Keep in mind, though, that the newer pre-emerge products come with a higher price tag than diuron and simazine. That’s another reason to use both pre- and post emergent products, he notes. “It’s more economical in the long run to follow up your pre-emergence treatments with a timely burn down rather than relying only on the post emergent sprays to control your weeds,” he says. “You’ll make fewer trips across the field. That savings can be worth a lot.”

As he points out, once a pre-emergent herbicide has been applied to the soil during the dormant period, rainfall is required to activate it. “About one-eighth to a quarter-inch of rain within about a month after application should be enough,” he says. “Once activated, residual activity of most pre-emergent herbicides lasts about 120 to 180 days. So, if you put it on between January and March, it should remain effective through the summer.”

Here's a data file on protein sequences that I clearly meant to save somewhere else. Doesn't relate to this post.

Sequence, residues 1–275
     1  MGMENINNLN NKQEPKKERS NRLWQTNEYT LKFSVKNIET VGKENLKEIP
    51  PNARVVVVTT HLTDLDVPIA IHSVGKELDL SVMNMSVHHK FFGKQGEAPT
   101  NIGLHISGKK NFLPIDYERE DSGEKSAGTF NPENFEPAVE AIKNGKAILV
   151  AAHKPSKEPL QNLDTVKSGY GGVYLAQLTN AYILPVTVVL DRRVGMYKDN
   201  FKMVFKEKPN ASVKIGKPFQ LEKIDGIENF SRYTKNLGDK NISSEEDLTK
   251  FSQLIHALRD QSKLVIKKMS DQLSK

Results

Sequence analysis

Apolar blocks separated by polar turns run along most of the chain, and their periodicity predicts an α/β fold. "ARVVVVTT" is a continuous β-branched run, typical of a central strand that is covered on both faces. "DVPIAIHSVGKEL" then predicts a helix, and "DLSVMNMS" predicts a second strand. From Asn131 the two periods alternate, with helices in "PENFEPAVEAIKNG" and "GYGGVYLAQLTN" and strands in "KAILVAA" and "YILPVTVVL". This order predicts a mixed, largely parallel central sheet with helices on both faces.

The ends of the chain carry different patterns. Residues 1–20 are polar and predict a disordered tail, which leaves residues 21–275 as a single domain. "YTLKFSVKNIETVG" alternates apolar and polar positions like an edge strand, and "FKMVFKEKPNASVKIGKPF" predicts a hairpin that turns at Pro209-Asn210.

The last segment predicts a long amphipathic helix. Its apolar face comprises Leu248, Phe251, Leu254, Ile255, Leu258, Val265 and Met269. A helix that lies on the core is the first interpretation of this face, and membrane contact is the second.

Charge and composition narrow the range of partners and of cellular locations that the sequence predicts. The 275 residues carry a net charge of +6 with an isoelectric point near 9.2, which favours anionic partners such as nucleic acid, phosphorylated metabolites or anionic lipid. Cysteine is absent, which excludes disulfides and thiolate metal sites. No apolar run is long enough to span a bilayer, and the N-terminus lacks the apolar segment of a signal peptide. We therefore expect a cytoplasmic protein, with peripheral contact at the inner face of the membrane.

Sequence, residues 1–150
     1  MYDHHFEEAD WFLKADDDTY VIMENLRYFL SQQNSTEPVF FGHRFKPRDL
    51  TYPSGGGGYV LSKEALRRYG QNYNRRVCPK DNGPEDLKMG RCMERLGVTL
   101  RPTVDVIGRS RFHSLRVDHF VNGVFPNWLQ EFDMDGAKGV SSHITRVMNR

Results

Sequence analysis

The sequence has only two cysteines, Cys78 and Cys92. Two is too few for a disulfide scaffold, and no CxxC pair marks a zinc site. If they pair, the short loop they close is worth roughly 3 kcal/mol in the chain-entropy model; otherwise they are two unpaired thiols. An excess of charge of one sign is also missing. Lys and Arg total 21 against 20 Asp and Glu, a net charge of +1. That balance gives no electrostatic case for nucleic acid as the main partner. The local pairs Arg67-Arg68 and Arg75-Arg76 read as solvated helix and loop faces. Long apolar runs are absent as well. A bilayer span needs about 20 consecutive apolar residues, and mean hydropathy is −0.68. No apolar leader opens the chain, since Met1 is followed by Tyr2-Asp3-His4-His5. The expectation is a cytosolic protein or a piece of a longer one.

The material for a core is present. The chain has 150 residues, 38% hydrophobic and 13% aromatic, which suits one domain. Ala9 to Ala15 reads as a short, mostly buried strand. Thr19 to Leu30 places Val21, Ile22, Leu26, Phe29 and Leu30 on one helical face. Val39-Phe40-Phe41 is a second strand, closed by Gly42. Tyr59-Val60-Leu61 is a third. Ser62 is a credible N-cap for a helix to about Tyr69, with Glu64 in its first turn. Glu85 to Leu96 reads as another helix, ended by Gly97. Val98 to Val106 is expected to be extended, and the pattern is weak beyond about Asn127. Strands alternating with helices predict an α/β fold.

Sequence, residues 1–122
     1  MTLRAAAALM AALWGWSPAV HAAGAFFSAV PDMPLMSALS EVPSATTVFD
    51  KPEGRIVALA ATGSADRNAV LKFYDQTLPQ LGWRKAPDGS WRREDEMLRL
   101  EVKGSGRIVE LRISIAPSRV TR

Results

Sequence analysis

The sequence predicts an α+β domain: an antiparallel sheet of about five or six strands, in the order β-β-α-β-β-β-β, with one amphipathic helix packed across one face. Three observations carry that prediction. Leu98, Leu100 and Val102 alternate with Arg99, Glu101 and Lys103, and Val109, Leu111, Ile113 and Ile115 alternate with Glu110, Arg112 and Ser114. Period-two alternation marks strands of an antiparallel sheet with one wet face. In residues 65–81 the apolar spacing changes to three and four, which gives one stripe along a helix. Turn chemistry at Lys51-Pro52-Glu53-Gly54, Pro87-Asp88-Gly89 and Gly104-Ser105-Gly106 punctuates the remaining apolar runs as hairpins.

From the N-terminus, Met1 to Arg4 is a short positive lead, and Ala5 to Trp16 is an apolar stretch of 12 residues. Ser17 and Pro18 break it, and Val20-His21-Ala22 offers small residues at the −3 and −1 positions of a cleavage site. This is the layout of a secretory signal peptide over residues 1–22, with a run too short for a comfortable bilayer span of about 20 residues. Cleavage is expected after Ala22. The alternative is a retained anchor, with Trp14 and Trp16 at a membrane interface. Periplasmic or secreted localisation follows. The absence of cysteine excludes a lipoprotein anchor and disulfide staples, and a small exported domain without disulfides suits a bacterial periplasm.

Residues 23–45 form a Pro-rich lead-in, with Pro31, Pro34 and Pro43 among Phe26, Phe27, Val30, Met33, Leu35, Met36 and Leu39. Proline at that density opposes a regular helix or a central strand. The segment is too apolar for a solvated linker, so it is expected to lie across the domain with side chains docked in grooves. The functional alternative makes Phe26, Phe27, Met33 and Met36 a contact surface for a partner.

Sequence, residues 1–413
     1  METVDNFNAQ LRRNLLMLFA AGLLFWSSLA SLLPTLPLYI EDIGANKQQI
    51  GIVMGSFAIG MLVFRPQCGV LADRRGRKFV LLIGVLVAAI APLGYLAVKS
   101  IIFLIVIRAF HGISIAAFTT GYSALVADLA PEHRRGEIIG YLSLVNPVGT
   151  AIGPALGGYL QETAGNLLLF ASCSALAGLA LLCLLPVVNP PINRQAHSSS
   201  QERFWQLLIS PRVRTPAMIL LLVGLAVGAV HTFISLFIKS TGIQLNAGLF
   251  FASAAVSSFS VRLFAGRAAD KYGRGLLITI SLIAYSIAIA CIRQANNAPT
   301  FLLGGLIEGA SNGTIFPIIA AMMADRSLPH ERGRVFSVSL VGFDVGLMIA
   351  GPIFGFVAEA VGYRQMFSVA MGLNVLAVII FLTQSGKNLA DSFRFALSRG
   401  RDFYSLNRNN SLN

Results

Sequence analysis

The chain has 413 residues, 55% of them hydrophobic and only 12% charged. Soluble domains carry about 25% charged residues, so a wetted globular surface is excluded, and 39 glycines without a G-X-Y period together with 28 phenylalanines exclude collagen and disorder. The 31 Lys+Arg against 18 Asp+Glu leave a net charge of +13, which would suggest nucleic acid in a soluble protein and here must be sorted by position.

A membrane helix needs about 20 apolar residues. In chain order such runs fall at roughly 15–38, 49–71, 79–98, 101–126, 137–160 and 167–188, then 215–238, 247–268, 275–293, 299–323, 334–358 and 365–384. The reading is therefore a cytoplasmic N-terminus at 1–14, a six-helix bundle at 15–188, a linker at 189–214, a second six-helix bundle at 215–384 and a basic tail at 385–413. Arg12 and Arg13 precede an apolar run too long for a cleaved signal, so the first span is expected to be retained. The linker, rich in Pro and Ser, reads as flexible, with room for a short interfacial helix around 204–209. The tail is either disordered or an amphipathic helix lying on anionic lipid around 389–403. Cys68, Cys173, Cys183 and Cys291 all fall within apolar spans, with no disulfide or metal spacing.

Post emergent materials, like paraquat, 2, 4-D, or saflufenacil, should be added to the spray tank if weeds are up when the pre-emergents are applied, Hembree adds. This treatment can be followed by application of a post emergent product as weeds emerge later. Timing of such a burn down application is critical, he notes.

“The biggest downfall in use of a post emergence herbicide is waiting too long to spray,” Hembree adds. “You have to treat when the weeds are really small.  Waiting until the weeds have grown 1 to 2 feet tall is asking a lot for a post emergent product.”